The Journey

We made it

Last week I posted a picture of two crows flying. It would have been nice to simply take flight and head north; instead, my husband and I, along with our dog, were confined in a car as we traveled 1200+ miles from our winter home to our summer home. It wasn’t a completely smooth journey since we were pulling a small boat on a trailer that decided (with a little help from too many years in the elements) to breakdown two-thirds of the way to our destination. But all turned out well, due to a combination of pre-planning and good luck. (Thank you, Boat US and many thanks to the welder who not only fixed the trailer late at night but made it better.)

Looking back on the trip, I see some parallels to writing. (Don’t I always.) At some point in our lives writers decide to take the “I want to write a book” journey. Instead of maps, we read How-to books, blogs, and articles, attend conferences and workshops, take on-line classes, watch teaching videos, and join writers’ groups. Sometimes we make false starts and need to start over, but we learn and we progress. Our goal is to reach the big time: awards, best seller lists, name recognition.

For some writers, the road is smooth. They start out and reach their goals without hitting any potholes. For many others, myself included, we reach some of those goals, but not all, and there are many detours and potholes along the way. (We can’t always control the journey. Publishers stop publishing what we write, the genre we love goes out of favor, bookstores close, the economy tanks just when our book is released, and life gets in the way.)

Sometimes we need to find a new route to achieve our goals. It might be bumpier, and it may be unknown, but often we discover it’s a better route. We feel more in control.

And sometimes, for some writers, the journey is too long, too frustrating, and too time consuming. For some, slowing down and simply enjoying the journey is enough. For others, it’s time to try a new route. And for a few, it’s time to stop.

May the journey for each of you be a good one.

As you can see, it’s cold outside. We should have stayed south a little longer.

Tagged , . Bookmark the permalink.

12 Responses to The Journey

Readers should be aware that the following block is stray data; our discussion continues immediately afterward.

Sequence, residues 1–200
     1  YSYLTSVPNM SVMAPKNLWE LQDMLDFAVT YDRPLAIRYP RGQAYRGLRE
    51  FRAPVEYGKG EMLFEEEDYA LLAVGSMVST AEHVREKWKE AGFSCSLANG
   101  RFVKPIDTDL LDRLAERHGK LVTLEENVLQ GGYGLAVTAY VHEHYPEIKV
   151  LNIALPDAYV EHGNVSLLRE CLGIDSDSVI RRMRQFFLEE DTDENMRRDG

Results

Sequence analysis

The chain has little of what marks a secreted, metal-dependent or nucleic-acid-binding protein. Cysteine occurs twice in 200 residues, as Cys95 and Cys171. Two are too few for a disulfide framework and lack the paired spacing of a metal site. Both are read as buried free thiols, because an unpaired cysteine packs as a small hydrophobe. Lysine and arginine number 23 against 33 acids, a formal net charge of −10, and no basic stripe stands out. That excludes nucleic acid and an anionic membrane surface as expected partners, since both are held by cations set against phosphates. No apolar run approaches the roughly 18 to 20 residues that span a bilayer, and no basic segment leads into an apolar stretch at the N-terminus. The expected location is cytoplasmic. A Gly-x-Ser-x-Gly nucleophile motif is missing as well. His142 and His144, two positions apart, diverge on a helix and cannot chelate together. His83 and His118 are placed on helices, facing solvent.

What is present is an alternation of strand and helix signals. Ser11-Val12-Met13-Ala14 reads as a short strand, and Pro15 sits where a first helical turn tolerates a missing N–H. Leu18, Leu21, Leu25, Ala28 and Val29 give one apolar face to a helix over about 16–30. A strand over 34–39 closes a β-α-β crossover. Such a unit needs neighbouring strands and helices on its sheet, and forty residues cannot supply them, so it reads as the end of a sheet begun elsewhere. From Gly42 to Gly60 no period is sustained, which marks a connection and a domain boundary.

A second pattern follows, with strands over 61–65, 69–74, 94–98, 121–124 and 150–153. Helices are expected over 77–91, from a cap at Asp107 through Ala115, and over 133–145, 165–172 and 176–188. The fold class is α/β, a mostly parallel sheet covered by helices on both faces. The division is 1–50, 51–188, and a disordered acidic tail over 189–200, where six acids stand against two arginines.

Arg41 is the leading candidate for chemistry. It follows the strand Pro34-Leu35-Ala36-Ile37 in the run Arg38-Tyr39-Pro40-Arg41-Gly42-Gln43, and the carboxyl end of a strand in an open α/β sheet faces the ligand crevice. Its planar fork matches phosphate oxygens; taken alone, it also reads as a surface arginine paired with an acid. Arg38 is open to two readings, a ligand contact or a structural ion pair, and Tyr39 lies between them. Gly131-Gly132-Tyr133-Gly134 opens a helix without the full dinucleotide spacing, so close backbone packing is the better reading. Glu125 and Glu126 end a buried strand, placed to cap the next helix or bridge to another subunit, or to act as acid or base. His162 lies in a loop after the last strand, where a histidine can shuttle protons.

1. glad you made it home safe.

  2. Barbara Vortman says:

    Love the anthology. I embarked on the writing journey without a particular destination in mind. Much like on actual road trips, I loved seeing new sights, exploring new places (learning history and interesting quirks about each) and didn’t mind having to backtrack when I hit a dead end or got lost. But here’s the thing. In real life I don’t like crowded cities. I want to spend a little time there with someone else guiding me so I see the big sights without fumbling through on my own (which wastes time and money, tries my patience, and misses the mark.) Marketing is the confusing, sometimes frightening, city I tend to avoid. So the books I’ve loved laboring over remain unread!!

    • Maris Soule says:

      Barbara, I also hate trying to work my way through marketing. As for big cities, when I was younger, traveling to a big city never bothered me. Now, however, I feel as you do: Be my guide, and I’ll have a great time.

  3. Melissa Keir says:

    What a trip! Should put it in a story! 🙂 Glad you are home safe!

  4. Joe Novara says:

    For us writers, Maris, a broken tongue does not mean the end of the line. We can still let our fingers do the talking.

  5. Maris, what a trip; hubs, dog, boat and the kindness of a stranger. Thanks for all the goodies wrapped up in your story. My best always. In my younger day, our trips included a full boat with dogs, kids, and water skis. We traded a space at a resort in Wisconsin for the pleasure. Ah youth!

  6. Diane Burton says:

    Great analogy, Maris. Life is a journey, too. Sometimes, we need to stop and rethink the path we’re taking.

    I think you brought the warm air up here to us. Glad you got home safely.